The Jimmy Carter Boulevard bridge over I-85 in Gwinnett County is one of several major projects that have benefited from Gwinnett County special local option sales tax in recent years. MATT KEMPNER / AJC

Gwinnett County sales tax: How to spend the money?

Last week Gwinnett County voters approved the renewal of a 1-cent special local option sales tax (SPLOST) for road, parks, libraries and other construction projects. So what comes next? How will they spend the money? Here’s what you need to know.

The history: Gwinnett County has used the tax to pay for billions of dollars of improvements since voters first approved the SPLOST in 1985. This year’s renewal was widely expected. Voters have failed to renew the tax only once – in 1996 – and they approved a modified proposal the following year.

The details: The latest tax is expected to generate $950 million for local governments over six year, beginning April. Gwinnett County will get about $748.2 million, with the county’s 16 cities splitting nearly $202 million.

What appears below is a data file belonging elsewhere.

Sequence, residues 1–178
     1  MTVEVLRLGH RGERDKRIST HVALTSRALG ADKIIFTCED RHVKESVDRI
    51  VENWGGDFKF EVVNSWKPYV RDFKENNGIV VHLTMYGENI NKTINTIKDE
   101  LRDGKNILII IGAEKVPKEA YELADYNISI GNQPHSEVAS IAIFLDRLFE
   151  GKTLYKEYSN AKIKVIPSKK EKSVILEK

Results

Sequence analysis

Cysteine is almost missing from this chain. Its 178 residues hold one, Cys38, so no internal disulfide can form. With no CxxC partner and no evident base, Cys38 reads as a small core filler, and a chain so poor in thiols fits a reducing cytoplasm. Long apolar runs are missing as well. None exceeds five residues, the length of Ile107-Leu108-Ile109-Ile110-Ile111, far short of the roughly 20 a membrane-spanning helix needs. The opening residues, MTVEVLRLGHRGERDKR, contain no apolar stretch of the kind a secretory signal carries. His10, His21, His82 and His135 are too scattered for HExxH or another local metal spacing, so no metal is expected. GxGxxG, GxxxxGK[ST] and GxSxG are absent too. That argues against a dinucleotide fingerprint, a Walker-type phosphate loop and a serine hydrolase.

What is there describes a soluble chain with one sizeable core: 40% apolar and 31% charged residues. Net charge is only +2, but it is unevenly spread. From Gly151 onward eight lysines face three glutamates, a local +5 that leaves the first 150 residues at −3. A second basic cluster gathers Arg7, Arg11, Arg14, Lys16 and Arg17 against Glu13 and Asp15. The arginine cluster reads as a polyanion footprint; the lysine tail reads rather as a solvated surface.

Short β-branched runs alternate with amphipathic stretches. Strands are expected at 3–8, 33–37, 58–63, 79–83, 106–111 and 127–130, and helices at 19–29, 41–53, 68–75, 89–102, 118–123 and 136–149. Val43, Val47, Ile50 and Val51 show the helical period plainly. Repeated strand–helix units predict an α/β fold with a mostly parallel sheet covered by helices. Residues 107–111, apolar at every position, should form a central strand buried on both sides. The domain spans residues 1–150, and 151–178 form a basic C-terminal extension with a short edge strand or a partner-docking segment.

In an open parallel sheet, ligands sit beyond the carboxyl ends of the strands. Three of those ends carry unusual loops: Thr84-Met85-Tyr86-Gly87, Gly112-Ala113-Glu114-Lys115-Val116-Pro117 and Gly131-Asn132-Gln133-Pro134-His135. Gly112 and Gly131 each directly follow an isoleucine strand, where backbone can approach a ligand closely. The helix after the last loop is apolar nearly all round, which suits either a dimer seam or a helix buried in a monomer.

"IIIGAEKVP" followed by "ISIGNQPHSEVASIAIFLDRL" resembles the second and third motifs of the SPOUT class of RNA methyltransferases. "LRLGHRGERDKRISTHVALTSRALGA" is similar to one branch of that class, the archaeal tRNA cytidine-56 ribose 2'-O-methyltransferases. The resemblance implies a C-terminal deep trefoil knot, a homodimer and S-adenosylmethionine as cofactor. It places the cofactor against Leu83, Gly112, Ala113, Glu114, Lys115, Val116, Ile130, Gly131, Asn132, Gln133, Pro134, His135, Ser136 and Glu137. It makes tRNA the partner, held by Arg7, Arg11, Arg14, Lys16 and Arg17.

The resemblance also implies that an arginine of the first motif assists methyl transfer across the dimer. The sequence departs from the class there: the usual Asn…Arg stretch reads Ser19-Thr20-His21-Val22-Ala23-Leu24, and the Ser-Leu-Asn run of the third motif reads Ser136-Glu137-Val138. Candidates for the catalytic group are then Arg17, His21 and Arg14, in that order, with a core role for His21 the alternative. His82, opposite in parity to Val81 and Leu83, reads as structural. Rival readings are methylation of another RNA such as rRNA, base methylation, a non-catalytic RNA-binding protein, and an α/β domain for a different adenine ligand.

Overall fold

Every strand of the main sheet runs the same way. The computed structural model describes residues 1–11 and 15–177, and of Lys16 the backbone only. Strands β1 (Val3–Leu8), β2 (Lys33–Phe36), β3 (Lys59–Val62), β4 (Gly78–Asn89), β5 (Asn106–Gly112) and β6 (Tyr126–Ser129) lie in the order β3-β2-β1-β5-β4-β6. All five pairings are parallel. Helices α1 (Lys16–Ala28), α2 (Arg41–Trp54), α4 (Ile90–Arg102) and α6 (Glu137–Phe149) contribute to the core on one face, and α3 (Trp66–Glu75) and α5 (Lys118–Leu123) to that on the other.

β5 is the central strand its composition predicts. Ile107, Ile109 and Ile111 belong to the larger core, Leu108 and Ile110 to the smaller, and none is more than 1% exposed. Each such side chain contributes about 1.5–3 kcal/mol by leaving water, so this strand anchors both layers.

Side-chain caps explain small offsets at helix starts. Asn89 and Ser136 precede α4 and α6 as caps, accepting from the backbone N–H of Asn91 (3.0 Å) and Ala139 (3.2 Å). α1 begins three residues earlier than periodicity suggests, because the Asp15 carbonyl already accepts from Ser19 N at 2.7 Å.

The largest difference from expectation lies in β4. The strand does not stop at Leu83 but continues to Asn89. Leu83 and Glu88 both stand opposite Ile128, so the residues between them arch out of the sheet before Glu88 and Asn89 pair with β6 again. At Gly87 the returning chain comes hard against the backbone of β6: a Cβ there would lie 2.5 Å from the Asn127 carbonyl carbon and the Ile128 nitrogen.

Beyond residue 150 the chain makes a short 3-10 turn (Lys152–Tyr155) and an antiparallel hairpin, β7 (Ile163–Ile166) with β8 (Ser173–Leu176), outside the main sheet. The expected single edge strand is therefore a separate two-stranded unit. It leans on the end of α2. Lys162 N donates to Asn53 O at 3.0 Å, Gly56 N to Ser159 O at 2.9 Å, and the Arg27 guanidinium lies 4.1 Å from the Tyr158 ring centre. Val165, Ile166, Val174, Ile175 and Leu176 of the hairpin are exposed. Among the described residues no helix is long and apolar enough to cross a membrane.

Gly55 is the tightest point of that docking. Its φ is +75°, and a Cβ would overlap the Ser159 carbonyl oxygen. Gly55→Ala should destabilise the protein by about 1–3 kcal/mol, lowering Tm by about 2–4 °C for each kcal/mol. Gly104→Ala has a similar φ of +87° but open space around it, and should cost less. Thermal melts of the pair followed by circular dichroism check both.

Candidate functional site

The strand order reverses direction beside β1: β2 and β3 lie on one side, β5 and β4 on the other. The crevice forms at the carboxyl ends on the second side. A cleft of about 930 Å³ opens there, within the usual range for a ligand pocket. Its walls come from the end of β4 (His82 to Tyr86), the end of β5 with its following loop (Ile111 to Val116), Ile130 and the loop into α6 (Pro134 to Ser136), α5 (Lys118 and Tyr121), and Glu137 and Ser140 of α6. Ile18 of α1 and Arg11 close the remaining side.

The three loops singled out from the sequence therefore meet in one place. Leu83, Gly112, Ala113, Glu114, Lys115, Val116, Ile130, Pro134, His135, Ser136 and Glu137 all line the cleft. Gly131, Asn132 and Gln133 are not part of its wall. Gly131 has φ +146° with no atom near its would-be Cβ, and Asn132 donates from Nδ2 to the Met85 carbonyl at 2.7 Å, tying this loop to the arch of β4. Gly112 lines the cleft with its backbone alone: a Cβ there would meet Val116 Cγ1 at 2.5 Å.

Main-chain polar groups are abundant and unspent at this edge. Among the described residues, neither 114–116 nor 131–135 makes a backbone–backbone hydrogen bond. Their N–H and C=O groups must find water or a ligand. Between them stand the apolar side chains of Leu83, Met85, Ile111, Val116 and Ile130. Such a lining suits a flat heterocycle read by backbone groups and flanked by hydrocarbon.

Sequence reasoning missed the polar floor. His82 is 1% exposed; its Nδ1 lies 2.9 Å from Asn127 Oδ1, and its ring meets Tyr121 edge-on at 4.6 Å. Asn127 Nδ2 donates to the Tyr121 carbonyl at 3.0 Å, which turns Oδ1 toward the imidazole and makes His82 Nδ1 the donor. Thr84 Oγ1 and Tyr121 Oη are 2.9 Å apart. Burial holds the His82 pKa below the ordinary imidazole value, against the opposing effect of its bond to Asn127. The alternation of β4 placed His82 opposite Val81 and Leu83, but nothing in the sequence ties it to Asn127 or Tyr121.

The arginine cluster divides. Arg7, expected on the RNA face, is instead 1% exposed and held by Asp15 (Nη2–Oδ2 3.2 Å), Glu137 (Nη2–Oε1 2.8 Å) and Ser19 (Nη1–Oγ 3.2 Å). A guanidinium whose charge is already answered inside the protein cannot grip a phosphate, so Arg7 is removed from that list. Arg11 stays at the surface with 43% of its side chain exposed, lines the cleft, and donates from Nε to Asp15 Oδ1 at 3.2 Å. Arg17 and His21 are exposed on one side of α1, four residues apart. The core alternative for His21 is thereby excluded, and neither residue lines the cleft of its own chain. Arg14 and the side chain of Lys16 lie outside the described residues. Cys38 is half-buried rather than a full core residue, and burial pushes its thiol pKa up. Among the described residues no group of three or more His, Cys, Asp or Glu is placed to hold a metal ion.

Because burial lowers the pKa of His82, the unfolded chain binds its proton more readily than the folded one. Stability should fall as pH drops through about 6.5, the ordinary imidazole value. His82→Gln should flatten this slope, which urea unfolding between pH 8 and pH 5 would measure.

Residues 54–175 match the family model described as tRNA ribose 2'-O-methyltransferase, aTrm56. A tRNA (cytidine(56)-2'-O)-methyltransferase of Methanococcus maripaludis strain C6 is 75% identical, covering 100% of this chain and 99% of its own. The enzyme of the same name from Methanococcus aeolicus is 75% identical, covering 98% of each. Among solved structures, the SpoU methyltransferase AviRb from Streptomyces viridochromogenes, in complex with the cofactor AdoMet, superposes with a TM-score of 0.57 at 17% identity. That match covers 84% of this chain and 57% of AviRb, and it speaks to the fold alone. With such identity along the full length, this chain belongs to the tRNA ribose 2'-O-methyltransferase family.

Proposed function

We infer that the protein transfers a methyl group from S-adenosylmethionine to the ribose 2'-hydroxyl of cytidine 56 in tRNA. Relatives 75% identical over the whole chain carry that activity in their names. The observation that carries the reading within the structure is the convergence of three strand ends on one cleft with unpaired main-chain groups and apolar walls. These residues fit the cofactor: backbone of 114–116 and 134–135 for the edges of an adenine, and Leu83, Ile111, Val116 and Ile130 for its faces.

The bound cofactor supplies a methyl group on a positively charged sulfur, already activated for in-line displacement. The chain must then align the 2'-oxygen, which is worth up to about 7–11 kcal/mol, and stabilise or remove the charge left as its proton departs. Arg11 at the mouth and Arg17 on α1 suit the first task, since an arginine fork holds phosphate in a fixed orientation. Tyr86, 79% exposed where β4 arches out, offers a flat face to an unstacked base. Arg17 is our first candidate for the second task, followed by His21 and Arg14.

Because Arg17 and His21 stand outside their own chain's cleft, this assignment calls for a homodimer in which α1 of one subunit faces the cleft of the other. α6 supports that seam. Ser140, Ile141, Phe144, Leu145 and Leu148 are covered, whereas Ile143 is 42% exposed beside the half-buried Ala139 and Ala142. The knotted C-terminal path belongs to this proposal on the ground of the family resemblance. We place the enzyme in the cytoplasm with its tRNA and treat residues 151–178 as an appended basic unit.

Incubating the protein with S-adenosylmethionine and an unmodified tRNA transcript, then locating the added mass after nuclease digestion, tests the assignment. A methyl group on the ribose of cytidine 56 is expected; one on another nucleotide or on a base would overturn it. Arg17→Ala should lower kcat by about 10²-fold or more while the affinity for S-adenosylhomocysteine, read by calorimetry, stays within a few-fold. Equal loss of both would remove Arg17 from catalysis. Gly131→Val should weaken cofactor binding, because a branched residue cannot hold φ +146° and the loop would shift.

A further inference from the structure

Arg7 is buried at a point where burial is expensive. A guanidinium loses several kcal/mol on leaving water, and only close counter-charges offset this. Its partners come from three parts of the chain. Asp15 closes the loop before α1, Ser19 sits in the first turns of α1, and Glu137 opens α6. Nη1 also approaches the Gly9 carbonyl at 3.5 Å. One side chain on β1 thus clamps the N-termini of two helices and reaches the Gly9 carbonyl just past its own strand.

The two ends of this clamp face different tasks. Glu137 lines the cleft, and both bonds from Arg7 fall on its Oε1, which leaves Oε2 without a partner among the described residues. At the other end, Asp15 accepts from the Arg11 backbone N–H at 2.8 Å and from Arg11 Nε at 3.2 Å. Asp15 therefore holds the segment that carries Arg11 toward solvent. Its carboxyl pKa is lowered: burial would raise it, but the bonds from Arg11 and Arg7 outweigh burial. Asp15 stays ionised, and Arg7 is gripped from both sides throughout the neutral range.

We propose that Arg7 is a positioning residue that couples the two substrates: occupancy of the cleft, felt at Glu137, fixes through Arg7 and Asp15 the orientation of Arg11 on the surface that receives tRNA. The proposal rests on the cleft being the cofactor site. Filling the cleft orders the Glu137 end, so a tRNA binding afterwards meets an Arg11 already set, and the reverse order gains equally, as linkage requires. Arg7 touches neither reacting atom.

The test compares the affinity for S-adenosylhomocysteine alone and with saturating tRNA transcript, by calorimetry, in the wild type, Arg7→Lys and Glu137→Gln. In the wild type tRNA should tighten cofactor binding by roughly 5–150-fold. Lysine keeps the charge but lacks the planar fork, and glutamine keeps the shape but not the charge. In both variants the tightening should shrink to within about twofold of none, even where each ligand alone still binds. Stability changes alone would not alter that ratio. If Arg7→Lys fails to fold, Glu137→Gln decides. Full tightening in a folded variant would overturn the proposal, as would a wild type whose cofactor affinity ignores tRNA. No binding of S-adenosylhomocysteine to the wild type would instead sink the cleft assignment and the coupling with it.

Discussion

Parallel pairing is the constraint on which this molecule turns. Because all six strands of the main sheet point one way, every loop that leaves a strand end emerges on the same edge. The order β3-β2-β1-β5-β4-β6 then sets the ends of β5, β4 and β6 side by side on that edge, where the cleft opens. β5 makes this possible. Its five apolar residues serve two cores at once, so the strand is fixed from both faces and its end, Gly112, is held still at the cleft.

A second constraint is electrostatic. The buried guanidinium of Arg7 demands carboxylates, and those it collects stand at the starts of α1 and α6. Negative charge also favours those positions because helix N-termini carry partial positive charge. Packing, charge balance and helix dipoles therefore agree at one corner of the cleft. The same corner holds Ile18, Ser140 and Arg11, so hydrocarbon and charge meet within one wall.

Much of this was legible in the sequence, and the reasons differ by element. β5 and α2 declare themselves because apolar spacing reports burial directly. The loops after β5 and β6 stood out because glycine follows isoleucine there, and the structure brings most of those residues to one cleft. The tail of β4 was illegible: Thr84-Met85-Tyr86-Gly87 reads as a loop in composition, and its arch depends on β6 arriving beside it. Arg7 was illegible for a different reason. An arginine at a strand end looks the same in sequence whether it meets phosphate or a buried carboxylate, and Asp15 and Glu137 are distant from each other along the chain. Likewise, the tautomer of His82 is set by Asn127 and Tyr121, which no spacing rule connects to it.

The biggest share of the county’s money ($486.3 million) will go to road and other transportation projects, with recreation facilities ($108.5 million) getting much of the rest. A civic center expansion ($67.3 million), public safety facilities and equipment ($52.4 million), libraries ($22.4 million) and senior service facilities ($11.2 million) also will get money.

What’s next: The Gwinnett Board of Commissioners will ultimately decide how to spend the county’s money. The Citizens Project Selection Committee will recommend specific transportation projects. The group will meet at 6:30 p.m. Wednesday at the Gwinnett Justice and Administration Center, 75 Langley Drive, Lawrenceville, to begin that process.

More information: You can find detailed information on the county’s SPLOST program at

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